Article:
December 5, 2019
4 min read
Since the launch of the VariCam 35, DP Charles Papert has been one of biggest proponents of the VariCam system, especially its Dual Native ISO technology. He has shot numerous projects on VariCam, including series Mary + Jane (MTV), Cassandra French’s Finishing School (Audience Network), and Ryan Hansen Solves Crimes on Television* (YouTube Premium). Papert is currently shooting the relaunch of Comedy Central’s Crank Yankers with VariCam LTs.
The first time Papert was introduced to VariCam was at a demo at Abel Cine. He was able to take the VariCam 35 out on the Los Angeles streets at night to shoot test footage. “I was very intrigued by the Dual Native ISO feature because we'd never seen anything like that in a camera,” explains Papert. Capturing his subject in lowlight night exteriors with ambient light was impressive but he was equally impressed at how VariCam captured skin tones in challenging mixed lighting conditions.
He brought a small light with him for close-ups but never used it. “I had my subject walk across the street and down sidewalks where you see her go through normal street lighting – light coming out from windows and light bouncing off car headlights,” he explains. “Normally, there wouldn’t be a lot of tonality in the faces but I was really stunned to see how the footage responded. I was impressed at how beautifully the skin tones came out and how naturalistic they looked. I would be lucky if I had lit the scene to make it look any better.”
The first series he shot on VariCam was Mary + Jane for MTV. The series had a combination of both stage and location work so Papert got to explore Native 5000 ISO for night exteriors. For a traditional night exterior, the crew would have to make extensive cable runs and set instruments up and down the street to illuminate buildings in the background. Based on experience from his tests, Papert decided to only light the foreground and let the background be lit by street lamps. He was impressed that he was still able to see sky detail in the dark background. Initially nervous about using a new camera system, his producers were also impressed, not only with the look but also how quickly the team could work.
“We also shot on soundstages, which I could light to any stop that I wanted, but I still opted to use the high ISO capability,” reveals Papert. “I rated the camera at 2000 down from the 5000 [Base]. What I found was a really rich image with a noise profile that matched the Native 800, but I gained a stop and a third. That allowed us to use smaller fixtures which helped stretch the lighting package budget, with no compromise."
Papert has also shot two seasons of YouTube Premium’s Ryan Hansen Solves Crimes on Television* with VariCam LTs. “What we did do a lot of on Ryan Hansen was changing the settings on the camera for different looks such as a 45-degree shutter for action, which requires two more stops, or over crank into 120-fps, which is two and a third stops,” he explains. “Usually in that situation, you have to anticipate those needs and light to the higher stop using larger instruments dialed or scrimmed down for the 24-fps work, and then blasting it for the specialty bits. With the VariCam, you literally just flip it into the high ISO mode and you have everything you need to be able to capture that scene the same way you were lit for 800 ISO.”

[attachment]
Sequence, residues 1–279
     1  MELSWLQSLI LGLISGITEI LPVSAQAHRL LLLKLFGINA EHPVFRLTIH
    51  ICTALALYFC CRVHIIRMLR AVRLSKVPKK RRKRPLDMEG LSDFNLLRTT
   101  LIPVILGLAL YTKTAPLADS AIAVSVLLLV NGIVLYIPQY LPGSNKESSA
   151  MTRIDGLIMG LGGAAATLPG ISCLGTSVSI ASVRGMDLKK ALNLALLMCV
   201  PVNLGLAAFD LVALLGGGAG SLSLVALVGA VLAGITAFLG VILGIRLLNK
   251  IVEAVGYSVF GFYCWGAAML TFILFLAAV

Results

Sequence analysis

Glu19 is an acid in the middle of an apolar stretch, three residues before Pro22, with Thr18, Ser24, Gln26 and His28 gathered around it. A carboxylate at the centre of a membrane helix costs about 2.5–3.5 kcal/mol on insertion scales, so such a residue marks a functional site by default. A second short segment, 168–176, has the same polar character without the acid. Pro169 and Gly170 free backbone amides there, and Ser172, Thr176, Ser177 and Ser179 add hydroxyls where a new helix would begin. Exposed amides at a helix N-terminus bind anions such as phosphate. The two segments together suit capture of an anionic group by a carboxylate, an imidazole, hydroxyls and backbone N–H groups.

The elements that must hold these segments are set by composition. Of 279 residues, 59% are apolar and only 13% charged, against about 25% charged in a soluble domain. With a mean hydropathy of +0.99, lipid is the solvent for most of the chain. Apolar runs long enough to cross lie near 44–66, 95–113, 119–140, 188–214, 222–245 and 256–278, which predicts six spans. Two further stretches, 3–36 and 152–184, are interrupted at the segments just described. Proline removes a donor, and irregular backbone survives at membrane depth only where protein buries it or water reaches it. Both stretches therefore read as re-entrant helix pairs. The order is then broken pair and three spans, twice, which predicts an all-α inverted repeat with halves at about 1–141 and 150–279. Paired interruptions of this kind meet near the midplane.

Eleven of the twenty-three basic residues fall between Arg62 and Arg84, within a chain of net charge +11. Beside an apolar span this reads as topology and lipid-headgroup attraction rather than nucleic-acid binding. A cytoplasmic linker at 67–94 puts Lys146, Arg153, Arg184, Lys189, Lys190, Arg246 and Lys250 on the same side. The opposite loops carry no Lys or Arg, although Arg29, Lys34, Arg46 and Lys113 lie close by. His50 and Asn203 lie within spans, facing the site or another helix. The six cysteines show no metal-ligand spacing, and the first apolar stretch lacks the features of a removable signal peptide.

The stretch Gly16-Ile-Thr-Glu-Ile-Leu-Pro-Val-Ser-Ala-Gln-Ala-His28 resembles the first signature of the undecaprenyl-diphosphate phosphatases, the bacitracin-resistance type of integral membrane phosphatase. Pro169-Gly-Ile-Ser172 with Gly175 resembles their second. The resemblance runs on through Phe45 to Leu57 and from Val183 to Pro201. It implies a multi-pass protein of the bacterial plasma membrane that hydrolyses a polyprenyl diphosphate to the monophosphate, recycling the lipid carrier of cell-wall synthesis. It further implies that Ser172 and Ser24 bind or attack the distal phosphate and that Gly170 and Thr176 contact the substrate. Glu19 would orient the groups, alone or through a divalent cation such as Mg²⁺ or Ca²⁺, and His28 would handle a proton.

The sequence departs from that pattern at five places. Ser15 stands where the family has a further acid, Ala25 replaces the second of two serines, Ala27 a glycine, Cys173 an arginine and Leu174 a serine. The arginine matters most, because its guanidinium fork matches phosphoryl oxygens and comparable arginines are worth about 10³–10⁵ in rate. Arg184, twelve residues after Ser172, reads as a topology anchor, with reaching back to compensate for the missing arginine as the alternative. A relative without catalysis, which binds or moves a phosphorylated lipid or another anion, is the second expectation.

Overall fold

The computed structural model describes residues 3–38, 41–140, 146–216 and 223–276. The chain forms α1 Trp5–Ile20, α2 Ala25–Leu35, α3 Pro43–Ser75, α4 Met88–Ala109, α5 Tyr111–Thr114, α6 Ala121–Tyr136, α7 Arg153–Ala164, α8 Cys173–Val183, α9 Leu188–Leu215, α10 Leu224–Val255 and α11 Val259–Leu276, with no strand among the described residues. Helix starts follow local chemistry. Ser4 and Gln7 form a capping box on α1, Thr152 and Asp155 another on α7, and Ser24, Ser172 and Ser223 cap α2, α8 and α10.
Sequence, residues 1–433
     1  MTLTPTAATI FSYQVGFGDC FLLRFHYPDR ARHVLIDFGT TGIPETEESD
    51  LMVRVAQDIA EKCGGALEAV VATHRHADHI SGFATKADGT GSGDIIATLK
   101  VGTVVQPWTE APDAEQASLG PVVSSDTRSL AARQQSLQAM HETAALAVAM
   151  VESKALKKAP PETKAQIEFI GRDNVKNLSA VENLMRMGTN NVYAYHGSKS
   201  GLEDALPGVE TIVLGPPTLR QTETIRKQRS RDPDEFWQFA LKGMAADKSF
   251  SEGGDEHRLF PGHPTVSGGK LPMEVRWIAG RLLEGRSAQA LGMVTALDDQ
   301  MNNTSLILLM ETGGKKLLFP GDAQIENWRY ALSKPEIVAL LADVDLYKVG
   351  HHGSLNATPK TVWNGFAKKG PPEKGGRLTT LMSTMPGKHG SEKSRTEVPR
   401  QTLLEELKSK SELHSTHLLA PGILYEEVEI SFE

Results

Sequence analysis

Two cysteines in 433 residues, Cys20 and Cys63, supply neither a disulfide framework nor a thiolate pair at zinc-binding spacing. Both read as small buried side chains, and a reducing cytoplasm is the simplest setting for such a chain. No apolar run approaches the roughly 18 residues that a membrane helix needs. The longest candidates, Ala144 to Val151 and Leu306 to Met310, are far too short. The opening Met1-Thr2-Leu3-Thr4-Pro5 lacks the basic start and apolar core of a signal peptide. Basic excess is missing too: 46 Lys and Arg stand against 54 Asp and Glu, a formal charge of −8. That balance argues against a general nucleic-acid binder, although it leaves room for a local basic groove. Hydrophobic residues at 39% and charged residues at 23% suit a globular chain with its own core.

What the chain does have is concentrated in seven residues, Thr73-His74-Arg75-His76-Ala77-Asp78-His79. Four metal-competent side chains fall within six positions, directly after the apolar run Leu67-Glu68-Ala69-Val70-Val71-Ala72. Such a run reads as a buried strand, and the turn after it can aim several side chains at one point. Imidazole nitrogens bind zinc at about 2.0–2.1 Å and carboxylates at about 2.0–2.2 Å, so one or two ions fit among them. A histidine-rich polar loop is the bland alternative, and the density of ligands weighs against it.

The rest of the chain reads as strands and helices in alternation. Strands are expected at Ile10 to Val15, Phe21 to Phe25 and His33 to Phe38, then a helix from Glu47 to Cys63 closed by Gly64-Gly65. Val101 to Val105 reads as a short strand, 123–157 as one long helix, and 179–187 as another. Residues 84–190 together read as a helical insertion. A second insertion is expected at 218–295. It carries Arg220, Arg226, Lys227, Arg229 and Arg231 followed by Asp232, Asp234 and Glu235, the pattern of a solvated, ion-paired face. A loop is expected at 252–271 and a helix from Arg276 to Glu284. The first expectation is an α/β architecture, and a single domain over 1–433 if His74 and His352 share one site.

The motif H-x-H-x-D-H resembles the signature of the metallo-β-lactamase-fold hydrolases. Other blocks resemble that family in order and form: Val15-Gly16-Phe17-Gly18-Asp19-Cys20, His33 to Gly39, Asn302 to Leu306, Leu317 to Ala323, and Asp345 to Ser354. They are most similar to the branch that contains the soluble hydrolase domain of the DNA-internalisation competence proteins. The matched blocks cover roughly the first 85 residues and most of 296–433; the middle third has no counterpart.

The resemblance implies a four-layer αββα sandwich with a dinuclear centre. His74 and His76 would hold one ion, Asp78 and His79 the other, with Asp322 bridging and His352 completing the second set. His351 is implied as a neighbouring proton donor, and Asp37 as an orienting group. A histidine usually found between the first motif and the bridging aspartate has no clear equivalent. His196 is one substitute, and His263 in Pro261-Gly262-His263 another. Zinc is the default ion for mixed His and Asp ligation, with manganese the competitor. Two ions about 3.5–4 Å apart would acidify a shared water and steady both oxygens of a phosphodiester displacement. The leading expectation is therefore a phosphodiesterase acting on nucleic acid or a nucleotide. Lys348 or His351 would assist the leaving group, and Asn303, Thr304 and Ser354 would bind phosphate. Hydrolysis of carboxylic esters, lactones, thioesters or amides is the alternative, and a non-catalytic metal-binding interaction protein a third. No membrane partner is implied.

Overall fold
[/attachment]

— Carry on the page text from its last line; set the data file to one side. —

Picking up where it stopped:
Making Puppets Look Good
Comedy Central’s Crank Yankers originally ran in the mid 2000s and was shot on 2/3” broadcast cameras on pedestals. For the series revamp, the producer's main goal was to make it look more cinematic. The show is shot on two adjacent stages and each stage has a single camera on a Miniscope crane, which is a seven-foot telescoping arm. According to Papert, the VariCam LT was the perfect cameras for the show because they needed a small and lightweight camera body since the Miniscopes have very specific payloads that many professional cinema cameras can’t meet.
“Due to the physical requirements of the puppeteers, all of the sets and furniture are elevated four feet off the stage floor," explains Papert. "This makes the job of our camera operators, Rich Moriarty and Denis Moran, a very complex one - they are always on the hairy edge of shooting off the bottom of the set and have to avoid the puppeteers' heads and arms at the bottom of frame.
"Our production designer, Gary Kordan, creates these very realistic looking environments. Then it's my job to continue that look. If someone was happened across our show randomly, they might expect a human to walk through a door instead of a puppet. We’ll play the windows hot, push sun streaks across the set, see how far we can go with contrast while still making the fleece of the puppets look good. We shoot four to five sets a day, hitting some 280 sets this shooting season, which is kind of insane. My gaffer, Felipe Solares, Key Grip, Paul Fischer, and I have really pushed to keep things looking fresh and different every day.
“Based on my previous experiences working with VariCam, I know I can trust it because of its expanded color science and its accuracy with colors so that the characters and sets look as good as they should. I’m very comfortable with the highlight roll off and tonality of the camera. It always looks great coming out of the box with a VariCam."
Highlights From Crank Yankers
For information on Charles Papert, visit https://charlespapert.com/.
For more information on VariCam, click through here.